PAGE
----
How to Make A Simple DIY Loupedeck or StreamDeck Alternative

As creatives are tasked with greater and greater volumes of work, accessories to help speed up their workflow become more and more valuable. While editing consoles can be incredibly useful, they can also be incredibly expensive, which is why YouTuber “Pedro” of DSLR DIY CNC has shared how you can build your own custom “InfiniteDeck” for just about $50.

Control decks for Photoshop and Lightroom like the Loupedeck, Monogram, and Tourbox have grown massive in popularity, but they are anything but cheap, especially as they get more customizable and advanced.

Since photography and videography on their own are expensive hobbies and professions to tackle, Pedro felt compelled as an engineer to make a solution (or alternative) to some of the existing commercial products. In his eleven-minute video, he details the entire process of how to build your own custom editing console that he affectionately calls the “InfiniteDeck.”

“I am an electronic engineer that likes multiple hobbies,” says Pedro. “because of that I become a DIY maker outside of my regular work. Listening to the creative community, I wanted to share the things I do with the hope of helping others do more while saving a little money. I want to make new solutions or alternatives to commercial products, with the same features, or if it is possible, to release a project with greater features than the commercial versions.”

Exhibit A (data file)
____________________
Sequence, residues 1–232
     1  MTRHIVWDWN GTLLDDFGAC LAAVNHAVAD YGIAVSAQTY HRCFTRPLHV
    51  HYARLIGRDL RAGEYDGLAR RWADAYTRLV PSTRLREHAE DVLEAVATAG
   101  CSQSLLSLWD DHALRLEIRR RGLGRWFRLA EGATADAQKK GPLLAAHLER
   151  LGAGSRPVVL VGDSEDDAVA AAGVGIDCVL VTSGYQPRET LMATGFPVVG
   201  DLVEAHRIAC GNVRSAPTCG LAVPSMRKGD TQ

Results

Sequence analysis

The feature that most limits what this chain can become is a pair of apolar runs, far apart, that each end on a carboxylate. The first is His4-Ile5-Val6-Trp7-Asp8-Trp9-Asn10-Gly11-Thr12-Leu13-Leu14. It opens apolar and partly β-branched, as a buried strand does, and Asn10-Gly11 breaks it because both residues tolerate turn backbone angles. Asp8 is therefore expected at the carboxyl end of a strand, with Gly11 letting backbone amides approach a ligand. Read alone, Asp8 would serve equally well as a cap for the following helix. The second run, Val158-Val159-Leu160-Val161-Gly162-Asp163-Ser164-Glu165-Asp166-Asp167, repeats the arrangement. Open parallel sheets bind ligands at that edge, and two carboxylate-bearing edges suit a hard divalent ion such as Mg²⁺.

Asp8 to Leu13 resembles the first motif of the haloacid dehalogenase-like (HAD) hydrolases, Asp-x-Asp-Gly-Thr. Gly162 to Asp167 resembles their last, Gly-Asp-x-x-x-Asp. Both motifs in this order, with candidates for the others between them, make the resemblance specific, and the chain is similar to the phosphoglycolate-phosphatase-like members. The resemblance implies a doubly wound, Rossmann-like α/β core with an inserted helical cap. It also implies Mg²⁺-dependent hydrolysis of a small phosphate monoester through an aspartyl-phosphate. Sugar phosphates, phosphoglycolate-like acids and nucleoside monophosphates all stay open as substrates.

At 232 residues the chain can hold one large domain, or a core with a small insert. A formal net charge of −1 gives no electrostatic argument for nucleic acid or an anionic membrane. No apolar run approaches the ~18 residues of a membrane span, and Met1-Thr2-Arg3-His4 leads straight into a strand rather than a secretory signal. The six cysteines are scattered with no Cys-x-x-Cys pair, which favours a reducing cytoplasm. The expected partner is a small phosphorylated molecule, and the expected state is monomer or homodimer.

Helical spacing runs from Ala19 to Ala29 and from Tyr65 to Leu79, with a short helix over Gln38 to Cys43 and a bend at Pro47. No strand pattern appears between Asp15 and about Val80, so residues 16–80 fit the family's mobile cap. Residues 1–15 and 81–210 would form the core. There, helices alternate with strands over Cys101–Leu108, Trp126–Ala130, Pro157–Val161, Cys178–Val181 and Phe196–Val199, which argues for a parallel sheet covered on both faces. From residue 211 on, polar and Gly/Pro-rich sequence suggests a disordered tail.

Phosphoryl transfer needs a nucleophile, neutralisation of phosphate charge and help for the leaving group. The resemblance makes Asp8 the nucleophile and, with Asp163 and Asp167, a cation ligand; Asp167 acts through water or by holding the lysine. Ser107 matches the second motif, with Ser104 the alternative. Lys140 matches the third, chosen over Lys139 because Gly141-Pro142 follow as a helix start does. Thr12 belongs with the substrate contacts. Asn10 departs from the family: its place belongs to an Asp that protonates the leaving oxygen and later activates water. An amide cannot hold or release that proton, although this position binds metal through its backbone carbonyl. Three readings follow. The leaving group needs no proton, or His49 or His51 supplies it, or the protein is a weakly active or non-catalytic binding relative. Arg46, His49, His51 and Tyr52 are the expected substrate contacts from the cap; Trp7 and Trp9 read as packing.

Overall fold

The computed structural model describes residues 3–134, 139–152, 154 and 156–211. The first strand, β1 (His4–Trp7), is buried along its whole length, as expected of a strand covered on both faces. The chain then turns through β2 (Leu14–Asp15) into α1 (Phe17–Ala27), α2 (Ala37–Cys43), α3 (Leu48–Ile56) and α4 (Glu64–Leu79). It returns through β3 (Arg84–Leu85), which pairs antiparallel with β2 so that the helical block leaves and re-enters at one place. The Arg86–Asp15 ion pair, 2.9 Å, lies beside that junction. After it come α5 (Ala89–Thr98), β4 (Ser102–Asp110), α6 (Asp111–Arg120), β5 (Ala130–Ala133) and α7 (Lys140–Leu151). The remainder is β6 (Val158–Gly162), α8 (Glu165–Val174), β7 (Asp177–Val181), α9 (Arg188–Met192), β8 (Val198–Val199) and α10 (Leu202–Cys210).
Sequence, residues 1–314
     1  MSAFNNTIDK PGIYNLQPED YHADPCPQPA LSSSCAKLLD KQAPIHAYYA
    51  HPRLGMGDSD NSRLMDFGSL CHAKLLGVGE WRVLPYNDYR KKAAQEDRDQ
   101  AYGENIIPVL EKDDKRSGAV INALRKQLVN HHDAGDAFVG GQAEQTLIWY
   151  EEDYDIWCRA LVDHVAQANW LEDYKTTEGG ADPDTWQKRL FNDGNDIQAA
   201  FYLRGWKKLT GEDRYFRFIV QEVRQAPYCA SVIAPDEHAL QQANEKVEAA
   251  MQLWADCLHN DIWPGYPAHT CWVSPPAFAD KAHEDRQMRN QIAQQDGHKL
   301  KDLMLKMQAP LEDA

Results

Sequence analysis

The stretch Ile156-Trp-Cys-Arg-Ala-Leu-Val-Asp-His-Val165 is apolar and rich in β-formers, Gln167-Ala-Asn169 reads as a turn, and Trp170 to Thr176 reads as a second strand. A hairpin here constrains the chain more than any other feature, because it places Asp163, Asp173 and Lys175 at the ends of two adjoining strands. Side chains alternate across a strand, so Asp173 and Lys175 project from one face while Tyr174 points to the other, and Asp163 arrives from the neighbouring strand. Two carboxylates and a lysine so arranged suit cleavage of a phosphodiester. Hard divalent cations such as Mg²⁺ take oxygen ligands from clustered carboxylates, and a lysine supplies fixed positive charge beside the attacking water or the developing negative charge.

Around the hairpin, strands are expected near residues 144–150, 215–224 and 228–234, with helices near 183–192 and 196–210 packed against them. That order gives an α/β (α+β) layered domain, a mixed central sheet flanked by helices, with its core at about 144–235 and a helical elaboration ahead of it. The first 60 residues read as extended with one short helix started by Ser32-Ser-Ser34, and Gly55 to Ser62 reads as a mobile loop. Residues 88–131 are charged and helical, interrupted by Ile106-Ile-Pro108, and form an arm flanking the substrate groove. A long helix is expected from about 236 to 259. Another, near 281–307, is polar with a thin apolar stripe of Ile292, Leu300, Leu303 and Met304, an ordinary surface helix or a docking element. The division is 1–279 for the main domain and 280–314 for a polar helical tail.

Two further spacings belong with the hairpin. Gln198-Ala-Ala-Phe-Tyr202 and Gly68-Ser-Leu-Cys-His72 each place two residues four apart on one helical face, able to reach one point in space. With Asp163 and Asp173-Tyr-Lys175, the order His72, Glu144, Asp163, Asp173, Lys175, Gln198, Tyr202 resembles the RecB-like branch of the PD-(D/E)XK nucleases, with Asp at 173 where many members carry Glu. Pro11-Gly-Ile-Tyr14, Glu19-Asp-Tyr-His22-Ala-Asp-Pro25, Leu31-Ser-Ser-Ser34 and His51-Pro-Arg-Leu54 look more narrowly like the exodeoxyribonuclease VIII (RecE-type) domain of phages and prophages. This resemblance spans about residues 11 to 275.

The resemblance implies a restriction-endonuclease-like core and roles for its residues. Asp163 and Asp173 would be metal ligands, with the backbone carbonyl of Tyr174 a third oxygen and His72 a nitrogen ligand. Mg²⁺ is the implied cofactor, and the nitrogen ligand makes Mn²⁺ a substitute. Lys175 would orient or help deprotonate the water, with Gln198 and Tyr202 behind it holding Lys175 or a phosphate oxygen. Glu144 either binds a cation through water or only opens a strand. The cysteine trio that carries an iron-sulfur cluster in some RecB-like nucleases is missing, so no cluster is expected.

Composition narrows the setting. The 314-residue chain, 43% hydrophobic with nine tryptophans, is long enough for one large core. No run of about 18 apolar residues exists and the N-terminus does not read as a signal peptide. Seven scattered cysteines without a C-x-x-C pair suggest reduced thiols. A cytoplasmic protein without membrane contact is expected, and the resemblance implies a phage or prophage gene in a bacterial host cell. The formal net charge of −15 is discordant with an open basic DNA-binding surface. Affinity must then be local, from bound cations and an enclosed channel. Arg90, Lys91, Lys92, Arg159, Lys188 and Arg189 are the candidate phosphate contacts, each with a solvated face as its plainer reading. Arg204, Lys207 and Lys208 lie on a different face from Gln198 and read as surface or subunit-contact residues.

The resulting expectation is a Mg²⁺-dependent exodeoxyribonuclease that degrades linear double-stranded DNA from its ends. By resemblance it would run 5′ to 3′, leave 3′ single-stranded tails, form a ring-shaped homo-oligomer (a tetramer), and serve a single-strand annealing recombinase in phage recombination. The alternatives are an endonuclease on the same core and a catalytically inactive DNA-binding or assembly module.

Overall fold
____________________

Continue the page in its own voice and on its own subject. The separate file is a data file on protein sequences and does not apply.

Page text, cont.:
Pedro continues, “I am just starting to work on projects and I hope to release more frequently and try to find the easiest solutions for viewers. For example, while you can find a lot of macro pads to buy or tutorials to make them, most of them are quite complex and require far greater skills from building to programming. I found the Makerfabs development board as a simple solution instead of having to solder a lot of wires. The code I wrote was also made to work with Ducky Script, that way someone does not need to learn coding to create the macro actions and they will not need to reprogram the board every time they change the actions of the buttons.”

Pedro says the entire process doesn’t require any complex wiring, soldering, or complicated programming to create. The main processor of the device uses a simple microSD card allowing users to create new and updated profiles to increase the possibilities the other manufactured solutions do not have.

According to the video, the device doesn’t require complex drivers to use as it emulates a simple keyboard when connected to a computer. Users can store any keyboard combination of application “shortcuts” on the microSD card leveraging just a text editor like Notepad and freeware or online editor to create the icons to be displayed on the device, making it incredibly budget-friendly and useful for editors, streamers, videographers, photographers, digital artists, and designers.

Detailed installation instructions and related links can be found on the DSLR DIY CNC video description. After purchasing the MakerFabs touchscreen, the console can be created and customized very quickly and easily to help speed up the workflow of any creative.

To see more from Pedro, you can visit his YouTube channel and Instagram.